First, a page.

Economic SYNOPSES

short essays and reports on the economic issues of the day
2010 I Number 4

Okun’s Law: Output and Unemployment
Christopher J. Neely, Vice President and Economist espite the popular emphasis on the U.S. housing countries in labor market flexibility. The relatively low levels price bubble and domestic monetary and regulaof labor market regulation in the United States and Canada tory policies, the recession has been a worldwide are consistent with their relatively large increases in unemphenomenon with varying effects across countries. For ployment in the recent recession. example, the chart shows that from 2008:Q2 to 2009:Q3 U.S. output growth declined less than in most other indusU.S. output growth declined less than trialized countries while U.S. unemployment rose higher in most other industrialized countries and faster than it did in most other major industrialized countries. while U.S. unemployment rose higher Output and employment commonly move together. In and faster than it did in most other 1962 Arthur Okun documented that U.S. unemployment major industrialized countries. tended to fall by 1 percentage point for every 3-percentagepoint rise in gross national product (i.e., output); observers Okun coefficients can change over time because the subsequently dubbed this empirical regularity “Okun’s 1—thus, the United States had an Okun coefficient of 3. relationship of unemployment to output growth depends law” Output might logically be expected to move approximately on laws, technology, preferences, social customs, and demoone for one with employment, yet Okun argued that measgraphics. Some economists have suggested that labor market ured unemployment is less volatile than output because fluctuations in hours per worker and labor force participation hide some underemployment. Okun’s Ratios: 2008:Q2–2009:Q3 Economists have long noted that most industrialUnemployment Rise (percentage points) ized countries have larger Okun coefficients than do 6 the United States and—to a lesser extent—Canada and the United Kingdom.2 In other words, most industrial5 United States ized countries’ unemployment rates tend to vary less for a given gross domestic product (GDP) fluctuation 4 than does that of the United States. The usual expla3 nation for this is that the United States, Canada, and United Kingdom the United Kingdom have less heavily regulated labor France Canada 2 markets in which businesses can more easily lay people off during slowdowns. Most countries have some Japan 1 combination of stronger implicit social job protections (e.g., Japan), stronger unions, or greater formal Germany 0 restrictions on releasing workers. The Organisation for Economic Co-operation –1 and Development (OECD) compiles an employment 9 4 8 1 2 6 10 0 3 5 7 protection index that measures how easily employers Cumulative GDP Fall (percent) in various countries can terminate workers or hire NOTE: Combinations of cumulative GDP declines and unemployment increases temporary workers. The United States, Canada, the from 2008:Q2 through 2009:Q3 for six industrialized countries. All data are from the OECD. United Kingdom, Japan, Germany, and France rank 1, 2, 3, 7, 22, and 25, respectively, among 30 OECD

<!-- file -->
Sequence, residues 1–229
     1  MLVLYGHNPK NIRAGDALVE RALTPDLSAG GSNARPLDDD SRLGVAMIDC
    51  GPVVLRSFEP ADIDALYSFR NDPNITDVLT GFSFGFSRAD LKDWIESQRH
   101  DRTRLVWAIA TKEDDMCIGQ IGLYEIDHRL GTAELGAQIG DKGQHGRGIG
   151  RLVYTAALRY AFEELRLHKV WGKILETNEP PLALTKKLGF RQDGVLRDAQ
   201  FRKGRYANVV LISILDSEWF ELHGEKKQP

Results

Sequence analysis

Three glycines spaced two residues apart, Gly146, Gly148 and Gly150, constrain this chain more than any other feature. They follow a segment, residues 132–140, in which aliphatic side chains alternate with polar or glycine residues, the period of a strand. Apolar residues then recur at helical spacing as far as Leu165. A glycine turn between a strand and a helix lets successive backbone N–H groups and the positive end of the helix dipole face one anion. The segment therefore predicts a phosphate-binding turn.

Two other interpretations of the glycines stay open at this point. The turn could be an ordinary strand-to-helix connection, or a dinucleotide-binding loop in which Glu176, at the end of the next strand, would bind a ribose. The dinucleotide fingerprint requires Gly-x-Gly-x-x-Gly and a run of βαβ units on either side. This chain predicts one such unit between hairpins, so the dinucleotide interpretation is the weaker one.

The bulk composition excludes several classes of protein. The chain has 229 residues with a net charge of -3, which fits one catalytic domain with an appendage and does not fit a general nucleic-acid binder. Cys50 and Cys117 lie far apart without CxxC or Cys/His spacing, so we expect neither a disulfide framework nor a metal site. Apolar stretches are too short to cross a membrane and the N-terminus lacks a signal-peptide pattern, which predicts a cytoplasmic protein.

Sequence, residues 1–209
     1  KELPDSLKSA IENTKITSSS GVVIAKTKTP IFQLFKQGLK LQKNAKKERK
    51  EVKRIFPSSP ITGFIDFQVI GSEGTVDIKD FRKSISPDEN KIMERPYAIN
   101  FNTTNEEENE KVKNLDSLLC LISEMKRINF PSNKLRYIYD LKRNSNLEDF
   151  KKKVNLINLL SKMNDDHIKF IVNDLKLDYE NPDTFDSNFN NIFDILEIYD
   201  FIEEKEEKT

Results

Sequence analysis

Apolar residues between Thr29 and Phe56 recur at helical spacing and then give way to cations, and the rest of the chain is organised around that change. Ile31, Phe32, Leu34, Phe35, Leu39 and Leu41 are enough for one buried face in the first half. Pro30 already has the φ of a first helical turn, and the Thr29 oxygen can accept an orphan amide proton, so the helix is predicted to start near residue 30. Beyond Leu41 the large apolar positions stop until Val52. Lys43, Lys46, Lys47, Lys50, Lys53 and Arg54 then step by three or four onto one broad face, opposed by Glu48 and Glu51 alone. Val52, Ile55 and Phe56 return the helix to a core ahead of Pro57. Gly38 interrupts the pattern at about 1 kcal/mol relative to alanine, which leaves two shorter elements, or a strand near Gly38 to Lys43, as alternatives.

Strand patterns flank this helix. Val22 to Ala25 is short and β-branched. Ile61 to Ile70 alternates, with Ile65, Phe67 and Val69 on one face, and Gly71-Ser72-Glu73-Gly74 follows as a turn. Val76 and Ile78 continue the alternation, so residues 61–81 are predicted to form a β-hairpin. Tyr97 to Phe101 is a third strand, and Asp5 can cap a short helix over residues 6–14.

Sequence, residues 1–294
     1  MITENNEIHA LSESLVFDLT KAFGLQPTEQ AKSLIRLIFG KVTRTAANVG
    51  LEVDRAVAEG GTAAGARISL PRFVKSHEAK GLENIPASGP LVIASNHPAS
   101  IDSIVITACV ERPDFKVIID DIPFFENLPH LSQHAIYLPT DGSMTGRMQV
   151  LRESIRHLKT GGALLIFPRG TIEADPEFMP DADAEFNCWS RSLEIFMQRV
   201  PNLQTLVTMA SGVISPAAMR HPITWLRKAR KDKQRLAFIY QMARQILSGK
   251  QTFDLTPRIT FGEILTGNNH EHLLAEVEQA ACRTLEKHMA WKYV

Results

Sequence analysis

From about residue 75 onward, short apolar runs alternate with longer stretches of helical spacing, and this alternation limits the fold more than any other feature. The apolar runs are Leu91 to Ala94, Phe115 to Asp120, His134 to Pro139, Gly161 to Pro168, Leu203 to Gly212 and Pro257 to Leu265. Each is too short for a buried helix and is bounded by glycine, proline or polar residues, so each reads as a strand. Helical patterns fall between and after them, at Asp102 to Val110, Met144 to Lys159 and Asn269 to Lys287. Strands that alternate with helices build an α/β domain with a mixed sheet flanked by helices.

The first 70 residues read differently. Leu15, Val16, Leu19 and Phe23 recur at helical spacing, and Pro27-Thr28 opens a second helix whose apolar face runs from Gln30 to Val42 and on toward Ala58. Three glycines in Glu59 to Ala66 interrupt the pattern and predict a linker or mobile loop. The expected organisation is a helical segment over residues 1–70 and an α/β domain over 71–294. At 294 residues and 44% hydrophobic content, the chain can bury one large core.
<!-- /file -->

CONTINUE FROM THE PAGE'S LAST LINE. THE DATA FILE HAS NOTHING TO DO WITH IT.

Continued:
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research. ‘‘Potential GNP: Its Measurement and Significance. Alexandria. that the United States still has had the largest change in unemployment per unit of output in the recent recession. 24(3).S. 12(2). for example.93 and 9. pp. June 1997. respectively. “A Cross-Country Comparison of Okun’s Coefficient. 335-56. 182-203. There is no free lunch with more labor market regulation. June 1988. Jim. Spring 2000. Therefore. I 1 Federal Reserve Bank of St. 3 2 Lee. ‘‘An International Comparison of Okun’s Law. U. Since 1989. 22(2).” Journal of Comparative Economics.stlouisfed.org . Roger T. monthly unemployment has averaged 5. with smaller Okun coefficients. 1962. and Moosa. Posted on February 3. pp. countries that heavily regulate labor markets tend to have higher unemployment.55 percent while German and French unemployment rates have averaged 7. While job stability is a good thing. however. VA: American Statistical Association.” Journal of Macroeconomics.Economic SYNOPSES reforms have made most industrialized countries more like the United States. economics often requires trading one good for another. 2010 Views expressed do not necessarily reflect official positions of the Federal Reserve System. 89-104. Louis 2 Okun. “The Robustness of Okun’s Law: Evidence from OECD Countries.’’ Journal of Comparative Economics. Kaufman. Imad A. pp. pp. Arthur M.3 The chart shows. 331-56.62 percent.” In: Proceedings of the Business and Economic Statistics Section of the American Statistical Association. Restrictions on dismissing workers make firms more reluctant to hire workers in the first place.

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